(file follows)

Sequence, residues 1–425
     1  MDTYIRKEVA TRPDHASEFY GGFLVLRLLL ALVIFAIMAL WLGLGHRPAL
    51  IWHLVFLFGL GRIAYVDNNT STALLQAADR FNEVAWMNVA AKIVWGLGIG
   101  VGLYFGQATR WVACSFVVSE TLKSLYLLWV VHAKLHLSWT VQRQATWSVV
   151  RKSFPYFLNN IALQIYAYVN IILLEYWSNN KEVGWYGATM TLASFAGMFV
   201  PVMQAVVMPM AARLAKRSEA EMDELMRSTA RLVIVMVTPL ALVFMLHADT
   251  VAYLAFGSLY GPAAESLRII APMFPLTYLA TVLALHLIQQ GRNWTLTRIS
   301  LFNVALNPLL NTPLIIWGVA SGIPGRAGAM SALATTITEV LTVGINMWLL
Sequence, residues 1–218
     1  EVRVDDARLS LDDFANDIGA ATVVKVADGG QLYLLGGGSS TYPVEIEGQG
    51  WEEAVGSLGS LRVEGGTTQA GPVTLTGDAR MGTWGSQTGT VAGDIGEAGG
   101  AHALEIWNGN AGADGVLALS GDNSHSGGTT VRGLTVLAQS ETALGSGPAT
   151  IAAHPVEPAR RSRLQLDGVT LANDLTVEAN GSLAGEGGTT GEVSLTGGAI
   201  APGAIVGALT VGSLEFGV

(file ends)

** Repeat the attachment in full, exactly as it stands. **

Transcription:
Sequence, residues 1–425
     1  MDTYIRKEVA TRPDHASEFY GGFLVLRLLL ALVIFAIMAL WLGLGHRPAL
    51  IWHLVFLFGL GRIAYVDNNT STALLQAADR FNEVAWMNVA AKIVWGLGIG
   101  VGLYFGQATR WVACSFVVSE TLKSLYLLWV VHAKLHLSWT VQRQATWSVV
   151  RKSFPYFLNN IALQIYAYVN IILLEYWSNN KEVGWYGATM TLASFAGMFV
   201  PVMQAVVMPM AARLAKRSEA EMDELMRSTA RLVIVMVTPL ALVFMLHADT
   251  VAYLAFGSLY GPAAESLRII APMFPLTYLA TVLALHLIQQ GRNWTLTRIS
   301  LFNVALNPLL NTPLIIWGVA SGIPGRAGAM SALATTITEV LTVGINMWLL
Sequence, residues 1–218
     1  EVRVDDARLS LDDFANDIGA ATVVKVADGG QLYLLGGGSS TYPVEIEGQG
    51  WEEAVGSLGS LRVEGGTTQA GPVTLTGDAR MGTWGSQTGT VAGDIGEAGG
   101  AHALEIWNGN AGADGVLALS GDNSHSGGTT VRGLTVLAQS ETALGSGPAT
   151  IAAHPVEPAR RSRLQLDGVT LANDLTVEAN GSLAGEGGTT GEVSLTGGAI
   201  APGAIVGALT VGSLEFGV